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“Use it in your favour” – R Ashwin wants bowlers to use new ICC rule on non-striker run-out  

Soon after this decision, David Warner has continued to call the run-out at non-striker’s end against the spirit of cricket.

Abhishek Sandikar Author

Updated - 19 March 2022 11:00 am

Team India off-spinner R Ashwin want bowlers to use the new ICC rule related to running out of non-strikers without being doubtful. Ashwin was criticized for going against dismissing Jos Buttler who was at the non-striker’s end in an IPL game. Many fans also criticised him for the dismissal as it was deemed going against the ‘spirit of cricket’.

But in 2022, the MCC made some new revisions to the laws of cricket, that will come in to effect from October 2022. One of the new regulations said that the run-out of the non-striker which was deemed as unfair play earlier, has now been included in the fair mode of dismissal and will be considered as a run-out.

While talking on his YouTube channel, Ashwin said, “Law destigmatizes the bowlers. Essentially, they are saying run the batsman out. Many bowlers feel ‘oh our batsmen themselves might feel upset (if they run out non-strikers). They also feel what the world will say about them. That fear itself makes them not do it. I want to tell the bowlers again.”

“The one feet the batsman take (by moving out early), can end or change your careers. The batsman on strike might hit a six. If you take the wicket (by running out) your career might go up, else with the six (and runs) you might go out of team next match. That’s the kind of impact. I urge the bowlers not to think and should use this in their favour is my thought process,” he added.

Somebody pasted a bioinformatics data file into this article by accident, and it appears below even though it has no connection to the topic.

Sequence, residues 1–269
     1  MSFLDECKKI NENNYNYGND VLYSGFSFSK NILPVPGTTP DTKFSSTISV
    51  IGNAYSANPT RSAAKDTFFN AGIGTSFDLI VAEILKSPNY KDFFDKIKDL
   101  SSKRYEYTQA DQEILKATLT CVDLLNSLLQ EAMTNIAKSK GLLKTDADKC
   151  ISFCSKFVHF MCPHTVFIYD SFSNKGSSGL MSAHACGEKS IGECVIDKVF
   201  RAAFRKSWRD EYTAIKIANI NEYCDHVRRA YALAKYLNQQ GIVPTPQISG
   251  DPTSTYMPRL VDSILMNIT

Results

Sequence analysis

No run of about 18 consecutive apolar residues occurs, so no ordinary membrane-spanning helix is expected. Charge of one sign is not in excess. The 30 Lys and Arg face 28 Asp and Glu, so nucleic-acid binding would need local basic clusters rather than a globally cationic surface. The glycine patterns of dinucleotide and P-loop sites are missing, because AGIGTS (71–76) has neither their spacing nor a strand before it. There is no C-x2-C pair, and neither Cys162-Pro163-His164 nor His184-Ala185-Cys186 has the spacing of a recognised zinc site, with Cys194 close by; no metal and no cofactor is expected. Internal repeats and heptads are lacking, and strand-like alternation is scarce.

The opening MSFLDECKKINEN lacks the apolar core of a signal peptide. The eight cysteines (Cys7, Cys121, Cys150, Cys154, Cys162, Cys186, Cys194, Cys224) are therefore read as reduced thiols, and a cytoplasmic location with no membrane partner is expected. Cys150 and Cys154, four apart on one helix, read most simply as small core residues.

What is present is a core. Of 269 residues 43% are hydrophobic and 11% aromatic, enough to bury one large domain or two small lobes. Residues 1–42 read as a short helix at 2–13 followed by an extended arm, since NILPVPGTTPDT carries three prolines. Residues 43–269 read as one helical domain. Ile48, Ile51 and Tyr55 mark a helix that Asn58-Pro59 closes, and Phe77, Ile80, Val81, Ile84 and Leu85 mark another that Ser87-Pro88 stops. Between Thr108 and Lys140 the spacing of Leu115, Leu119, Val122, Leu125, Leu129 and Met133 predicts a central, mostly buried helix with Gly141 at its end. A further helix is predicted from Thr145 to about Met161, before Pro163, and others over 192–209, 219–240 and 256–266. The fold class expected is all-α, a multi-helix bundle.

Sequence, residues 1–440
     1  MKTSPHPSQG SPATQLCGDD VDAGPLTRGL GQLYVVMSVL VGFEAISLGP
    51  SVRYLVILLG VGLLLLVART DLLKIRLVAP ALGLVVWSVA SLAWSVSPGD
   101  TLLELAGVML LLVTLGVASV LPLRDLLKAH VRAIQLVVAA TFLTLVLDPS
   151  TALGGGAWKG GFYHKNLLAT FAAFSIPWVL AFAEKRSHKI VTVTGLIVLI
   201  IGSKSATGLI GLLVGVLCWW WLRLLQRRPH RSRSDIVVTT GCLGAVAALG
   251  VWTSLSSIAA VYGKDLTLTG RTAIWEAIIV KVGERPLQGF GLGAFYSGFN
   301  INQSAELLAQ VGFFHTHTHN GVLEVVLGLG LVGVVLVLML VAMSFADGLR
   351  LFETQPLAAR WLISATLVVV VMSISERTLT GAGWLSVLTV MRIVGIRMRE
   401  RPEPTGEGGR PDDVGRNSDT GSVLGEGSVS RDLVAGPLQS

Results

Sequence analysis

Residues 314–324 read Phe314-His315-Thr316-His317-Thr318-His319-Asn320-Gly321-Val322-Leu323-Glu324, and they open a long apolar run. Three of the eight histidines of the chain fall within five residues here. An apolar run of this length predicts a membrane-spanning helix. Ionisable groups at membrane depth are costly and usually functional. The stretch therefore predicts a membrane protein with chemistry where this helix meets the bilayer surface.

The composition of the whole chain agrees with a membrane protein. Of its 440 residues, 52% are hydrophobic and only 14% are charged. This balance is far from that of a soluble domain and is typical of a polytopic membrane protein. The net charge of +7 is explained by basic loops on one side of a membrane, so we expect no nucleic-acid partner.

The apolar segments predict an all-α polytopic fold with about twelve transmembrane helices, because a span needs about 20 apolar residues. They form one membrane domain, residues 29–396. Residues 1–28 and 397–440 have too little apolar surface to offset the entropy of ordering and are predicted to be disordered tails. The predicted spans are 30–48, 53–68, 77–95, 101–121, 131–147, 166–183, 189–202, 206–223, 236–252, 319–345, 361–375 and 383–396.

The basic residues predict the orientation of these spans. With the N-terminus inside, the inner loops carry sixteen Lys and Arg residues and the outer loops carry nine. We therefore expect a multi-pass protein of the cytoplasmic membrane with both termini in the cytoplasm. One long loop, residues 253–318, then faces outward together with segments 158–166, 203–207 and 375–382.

Soon after this decision, David Warner has continued to call the run-out at non-striker’s end against the spirit of cricket. While speaking to Cricket Australia, he said, “I still think the history of the game suggests it’s a spirit of cricket thing… You don’t expect players to do that.”

“I do agree with the fact that if you are backing up, and you’re out of your crease by a long way (you are fair game). I think it happened more predominantly at the end of a white-ball 50-over games, or obviously in T20 cricket we’ve seen it but at the end of the day, as a batsman, you’ve got to stay in your crease.”

“There’s no doubt about that, and if you’re silly enough to get caught out like that and run out, that’s your own fault. You’re told not to leave before the bowler lets the ball go, so just don’t do it,” Warner added.

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